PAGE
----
One cannot talk about women in science without discussing the merits and achievements of Rosalind Franklin and Madame Marie Curie. But it was Curie who changed the sphere of chemistry as we know it!
Born in Warsaw, Poland, as Maria Salomea Sklodowska on November 7, 1867, she is well-known for her work on radioactivity and the discovery of two radioactive elements.
Furthermore, she is the only woman to win the Nobel Prize twice in two diverse fields and the first woman to win the Nobel Prize overall.
The importance of Marie Curie’s work is best described by the multiple awards conferred to her. She has received several honorary science, law, and medicine degrees and gained honorary memberships to many global scientific societies.
Marie met her husband, Pierre Curie, in 1894 in the School of Physics, and they got married the following year.
What she accomplished during her time working in Chemistry cannot be described in one article, but read on as we attempt to do so:
Marie Curie’s Work And Discoveries
Marie and Pierre Curie became researchers at the School of Chemistry and Physics in Paris, beginning their revolutionary work into the rays projected by uranium.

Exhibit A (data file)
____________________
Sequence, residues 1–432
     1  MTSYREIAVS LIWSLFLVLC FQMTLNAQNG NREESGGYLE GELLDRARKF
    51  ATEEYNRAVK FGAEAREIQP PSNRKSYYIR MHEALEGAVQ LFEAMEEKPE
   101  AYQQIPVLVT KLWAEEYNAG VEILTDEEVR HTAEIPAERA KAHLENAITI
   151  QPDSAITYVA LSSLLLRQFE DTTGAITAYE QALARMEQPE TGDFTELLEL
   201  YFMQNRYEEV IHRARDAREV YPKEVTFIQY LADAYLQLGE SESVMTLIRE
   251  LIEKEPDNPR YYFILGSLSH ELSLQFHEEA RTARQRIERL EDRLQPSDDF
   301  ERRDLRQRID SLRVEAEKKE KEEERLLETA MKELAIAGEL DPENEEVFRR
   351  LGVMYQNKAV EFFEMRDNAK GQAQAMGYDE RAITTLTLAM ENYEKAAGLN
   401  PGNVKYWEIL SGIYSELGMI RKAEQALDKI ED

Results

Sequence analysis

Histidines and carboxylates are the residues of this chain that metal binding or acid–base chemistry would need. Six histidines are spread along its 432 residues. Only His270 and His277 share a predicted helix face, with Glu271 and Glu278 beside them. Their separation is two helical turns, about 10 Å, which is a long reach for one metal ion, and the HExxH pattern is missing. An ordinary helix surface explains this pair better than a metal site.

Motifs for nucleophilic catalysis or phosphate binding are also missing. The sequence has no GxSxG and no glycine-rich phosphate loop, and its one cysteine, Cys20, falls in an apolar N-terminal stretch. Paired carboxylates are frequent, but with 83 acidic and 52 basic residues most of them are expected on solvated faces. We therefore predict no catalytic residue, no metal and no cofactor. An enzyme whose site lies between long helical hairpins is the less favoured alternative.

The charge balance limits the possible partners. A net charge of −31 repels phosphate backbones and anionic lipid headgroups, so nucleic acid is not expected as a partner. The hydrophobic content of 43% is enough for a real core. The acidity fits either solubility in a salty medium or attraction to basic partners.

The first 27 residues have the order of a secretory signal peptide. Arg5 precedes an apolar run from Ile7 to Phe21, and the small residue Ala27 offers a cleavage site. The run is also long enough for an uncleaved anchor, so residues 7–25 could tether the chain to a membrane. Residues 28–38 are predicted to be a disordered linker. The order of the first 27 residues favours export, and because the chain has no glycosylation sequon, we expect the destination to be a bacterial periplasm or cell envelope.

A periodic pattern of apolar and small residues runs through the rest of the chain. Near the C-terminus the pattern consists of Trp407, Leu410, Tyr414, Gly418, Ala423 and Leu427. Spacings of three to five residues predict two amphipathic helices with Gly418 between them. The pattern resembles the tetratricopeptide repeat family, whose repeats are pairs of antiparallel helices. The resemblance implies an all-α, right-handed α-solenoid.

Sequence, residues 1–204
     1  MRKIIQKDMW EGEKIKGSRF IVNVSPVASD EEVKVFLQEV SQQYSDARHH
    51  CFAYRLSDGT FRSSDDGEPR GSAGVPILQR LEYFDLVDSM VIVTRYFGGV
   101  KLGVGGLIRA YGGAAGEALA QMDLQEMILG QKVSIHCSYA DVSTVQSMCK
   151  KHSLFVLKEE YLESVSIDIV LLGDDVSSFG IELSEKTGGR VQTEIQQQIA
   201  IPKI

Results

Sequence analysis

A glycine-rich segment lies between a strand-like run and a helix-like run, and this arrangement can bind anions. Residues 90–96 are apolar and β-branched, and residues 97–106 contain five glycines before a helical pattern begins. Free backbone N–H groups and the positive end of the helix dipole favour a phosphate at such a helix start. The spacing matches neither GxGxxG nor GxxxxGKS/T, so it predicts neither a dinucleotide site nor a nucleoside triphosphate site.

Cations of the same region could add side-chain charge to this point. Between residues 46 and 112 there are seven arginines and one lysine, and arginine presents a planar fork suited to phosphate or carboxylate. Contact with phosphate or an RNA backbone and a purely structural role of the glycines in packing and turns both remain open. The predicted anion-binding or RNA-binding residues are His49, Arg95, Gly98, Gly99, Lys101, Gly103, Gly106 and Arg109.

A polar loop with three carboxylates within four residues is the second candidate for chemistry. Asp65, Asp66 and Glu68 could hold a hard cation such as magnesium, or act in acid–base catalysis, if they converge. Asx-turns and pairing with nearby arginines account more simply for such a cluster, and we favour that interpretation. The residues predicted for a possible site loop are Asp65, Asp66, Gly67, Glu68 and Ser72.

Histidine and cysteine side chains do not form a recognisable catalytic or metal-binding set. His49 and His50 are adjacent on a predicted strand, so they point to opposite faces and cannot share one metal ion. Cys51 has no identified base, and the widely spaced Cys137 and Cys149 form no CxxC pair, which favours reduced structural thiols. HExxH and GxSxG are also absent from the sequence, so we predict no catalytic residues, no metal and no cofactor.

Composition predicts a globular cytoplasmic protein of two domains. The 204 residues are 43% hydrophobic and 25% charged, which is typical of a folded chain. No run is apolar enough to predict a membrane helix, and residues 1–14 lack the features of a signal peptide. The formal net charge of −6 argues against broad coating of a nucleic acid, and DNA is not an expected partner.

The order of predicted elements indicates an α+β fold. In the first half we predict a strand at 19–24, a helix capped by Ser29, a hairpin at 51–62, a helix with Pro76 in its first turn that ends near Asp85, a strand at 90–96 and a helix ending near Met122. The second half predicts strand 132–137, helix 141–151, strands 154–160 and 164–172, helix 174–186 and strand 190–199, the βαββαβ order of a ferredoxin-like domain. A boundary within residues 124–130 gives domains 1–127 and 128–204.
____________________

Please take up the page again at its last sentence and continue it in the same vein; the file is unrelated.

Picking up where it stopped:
This was a relatively new phenomenon and had been recently revealed by Professor Henri Becquerel.
He explained that the rays emitted by uranium could pass through fog, solid matter, and photographic film. Furthermore, these rays can conduct electricity in the air.
Marie Curie observed that the mineral samples of pitchblende containing uranium ore had higher radioactivity than pure uranium.
This led her to believe that the extensive readings she was achieving were not caused by uranium alone, and there was something else present in the pitchblende.
It was only present in minute quantities and displayed very high radioactivity, which is why it wasn’t noticed by anyone else.
Marie Curie was sure that she had discovered a new element; however, numerous scientists cast doubts over her assumptions. Undeterred, Pierre and Marie Curie started working to locate this unknown element.
The pitchblende samples were crushed, dissolved in acid, and the multiple elements present were separated via the standard analytical chemistry practices of those times.
In time, they were able to extract a black powder that showed 330 times more radioactivity than uranium. They named it Polonium and derived that it had an atomic number of 84.
Upon further investigation, the Curies discovered that after polonium extraction, the liquid left behind was still highly radioactive.
Therefore, to their surprise, they found that the pitchblende excreted another new element with higher radioactivity than Polonium.
In 1898, the Curies published powerful evidence supporting the existence of this new element, calling it Radium.
However, the problem was that they had no sample of Radium. Pitchblende is quite expensive as it contains valuable Uranium and Marie Curie required a lot of it.